At the site of a former agricultural chemical processing facility in south Baltimore Maryland, Energy Answers of Albany, N.Y. is working on a different kind of renewable energy electrical generation facility. The power source? Trash. That’s right, garbage – the company hopes to take refuse off the curb and bring it right back to you through the meter. The generator would produce a moderately sized 120MW of electricity directly to the grid plus steam heat available locally to industrial consumers by burning up to 4,000 tons of garbage a day.
The project is classified as a renewable energy venture because it won’t be using fossil fuels to generate power. Because of that it is eligible for lucrative federal funding. Instead of functioning in the capacity of a normal incinerator, the facility will use Processed Refuse Fuel (PRF) which is essentially sorted and shredded residential and commercial garbage. The PRF burns cleaner and hotter than refuse that is used as fuel in traditional incinerators. The boiler will also use moderate amounts of Tire Derived Fuel (TDF) because of the high energy density of the material.
Energy Answers would also like to develop the 90 acre site surrounding the proposed facility with a so-called “Eco Industrial Park.” Currently, the property is considered to be a “brownfield” meaning the land is contaminated with residual pollutants from industry that was located there in the past. Energy Answers will remediate the site as part of the development plan. Once complete, partner industries that choose to locate on the property will be able to make use of reduced-price electricity and steam from the plant. The Mock-ups of the planned project bear stark contrast to the surrounding industrial complexes, with grassy open spaces and tree-lined walkways along the adjoining river. All of the buildings that Energy Answers plans to construct on the facility will be LEED certified.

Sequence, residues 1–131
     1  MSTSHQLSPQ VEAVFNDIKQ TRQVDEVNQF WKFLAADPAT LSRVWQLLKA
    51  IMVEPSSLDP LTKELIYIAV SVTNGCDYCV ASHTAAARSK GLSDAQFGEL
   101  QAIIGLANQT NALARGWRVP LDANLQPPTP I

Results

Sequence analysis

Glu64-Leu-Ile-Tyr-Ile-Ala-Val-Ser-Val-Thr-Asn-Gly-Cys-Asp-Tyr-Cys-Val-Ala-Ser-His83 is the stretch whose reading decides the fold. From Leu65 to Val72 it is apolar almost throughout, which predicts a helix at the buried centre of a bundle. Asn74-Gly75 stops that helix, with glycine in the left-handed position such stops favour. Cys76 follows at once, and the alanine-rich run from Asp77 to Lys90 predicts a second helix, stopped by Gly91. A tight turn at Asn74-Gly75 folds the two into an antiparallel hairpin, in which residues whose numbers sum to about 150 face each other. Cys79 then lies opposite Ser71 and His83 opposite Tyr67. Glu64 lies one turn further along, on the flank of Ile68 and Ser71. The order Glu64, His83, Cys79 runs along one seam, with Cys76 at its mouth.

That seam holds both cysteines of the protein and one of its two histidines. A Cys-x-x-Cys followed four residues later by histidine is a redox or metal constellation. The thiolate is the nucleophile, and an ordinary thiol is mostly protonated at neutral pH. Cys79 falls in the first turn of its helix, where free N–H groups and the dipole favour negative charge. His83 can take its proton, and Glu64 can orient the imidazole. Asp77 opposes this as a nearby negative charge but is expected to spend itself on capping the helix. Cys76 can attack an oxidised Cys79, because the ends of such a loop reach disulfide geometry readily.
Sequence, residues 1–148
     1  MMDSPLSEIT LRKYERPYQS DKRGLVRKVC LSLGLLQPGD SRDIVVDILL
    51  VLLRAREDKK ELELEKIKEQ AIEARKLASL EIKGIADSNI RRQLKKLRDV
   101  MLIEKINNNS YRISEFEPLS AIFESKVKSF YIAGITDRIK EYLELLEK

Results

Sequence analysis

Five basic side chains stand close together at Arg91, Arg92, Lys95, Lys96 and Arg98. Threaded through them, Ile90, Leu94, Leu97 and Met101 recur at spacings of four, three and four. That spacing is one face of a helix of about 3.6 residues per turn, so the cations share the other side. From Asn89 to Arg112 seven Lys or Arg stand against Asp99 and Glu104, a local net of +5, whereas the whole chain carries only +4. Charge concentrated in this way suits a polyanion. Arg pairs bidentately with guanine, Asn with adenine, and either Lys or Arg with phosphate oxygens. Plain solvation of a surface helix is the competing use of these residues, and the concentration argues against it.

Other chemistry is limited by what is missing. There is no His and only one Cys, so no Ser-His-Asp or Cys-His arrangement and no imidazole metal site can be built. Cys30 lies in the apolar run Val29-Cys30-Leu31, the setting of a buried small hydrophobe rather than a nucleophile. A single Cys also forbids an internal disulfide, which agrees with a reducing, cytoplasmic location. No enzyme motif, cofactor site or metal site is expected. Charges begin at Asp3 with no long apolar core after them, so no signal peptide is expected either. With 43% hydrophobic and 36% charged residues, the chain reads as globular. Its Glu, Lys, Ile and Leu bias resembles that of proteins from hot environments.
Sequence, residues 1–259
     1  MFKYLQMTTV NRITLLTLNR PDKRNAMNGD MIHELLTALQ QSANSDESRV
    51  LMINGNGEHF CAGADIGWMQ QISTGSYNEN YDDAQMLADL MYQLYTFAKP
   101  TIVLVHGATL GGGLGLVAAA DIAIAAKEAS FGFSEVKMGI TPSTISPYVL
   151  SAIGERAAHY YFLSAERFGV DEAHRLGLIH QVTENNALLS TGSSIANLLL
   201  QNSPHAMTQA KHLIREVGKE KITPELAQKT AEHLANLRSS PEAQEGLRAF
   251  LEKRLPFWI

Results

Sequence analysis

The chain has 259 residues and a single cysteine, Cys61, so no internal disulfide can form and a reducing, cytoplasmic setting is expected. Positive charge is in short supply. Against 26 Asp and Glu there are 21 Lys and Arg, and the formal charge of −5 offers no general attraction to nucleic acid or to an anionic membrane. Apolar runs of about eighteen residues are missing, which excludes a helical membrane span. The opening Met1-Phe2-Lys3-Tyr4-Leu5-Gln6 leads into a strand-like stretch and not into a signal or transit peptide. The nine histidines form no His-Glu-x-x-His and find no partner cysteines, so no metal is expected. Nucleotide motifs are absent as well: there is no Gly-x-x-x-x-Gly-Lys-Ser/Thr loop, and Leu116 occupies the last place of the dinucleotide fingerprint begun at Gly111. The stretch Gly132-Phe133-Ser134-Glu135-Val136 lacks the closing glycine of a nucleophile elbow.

However, the venture is not without its detractors. Opponents say that the facility is nothing more than a glorified garbage incinerator and that it will increase pollution in an already beleaguered area. Concern is mostly centered around airborne contamination from heavy metals like lead and mercury as well as increased particulate and greenhouse gas emissions. Energy Answers has countered by pointing out that the Fairfield site will be among the cleanest facilities of its kind in the nation and it will deploy state-of the art pollution reduction technologies. It will also save tons of material from going into landfills – an estimated 115 acres of landfill space would be spared by the plant each year.
To be sure, the Fairfield plant is at the crux of the much larger debate about what needs to be done with garbage – our garbage: the vast amounts of refuse of all kinds that our society produces. Do we burn it as biomass to produce electricity, or do we just continue what we have been doing – bury it in landfills? Certainly any contaminants produced by a plant of this type are by their very nature unavoidable. Either they are going to be emitted through combustion at a facility like Fairfield or they are going to be exposed to the environment through leaching after being deposited in landfills. As far as greenhouse gasses are concerned, the CO2 produced by an incinerator is probably on par impact-wise with the much more potent methane and hydrocarbons emissions that landfills generate. Net/net, using the garbage now as a source of “renewable” energy may just be the lesser of two evils. As long as an emphasis is being placed on maximizing recycling efforts prior to the garbage being processed as fuel, emissions control systems are in place and properly regulated and proper care is taken to make sure that hazardous materials are excluded from the fuel stream, the facility will carry a positive impact on the environment and the community by generating fossil-fuel-free power, diverting huge amounts of garbage from landfills and providing literally hundreds of green collar jobs.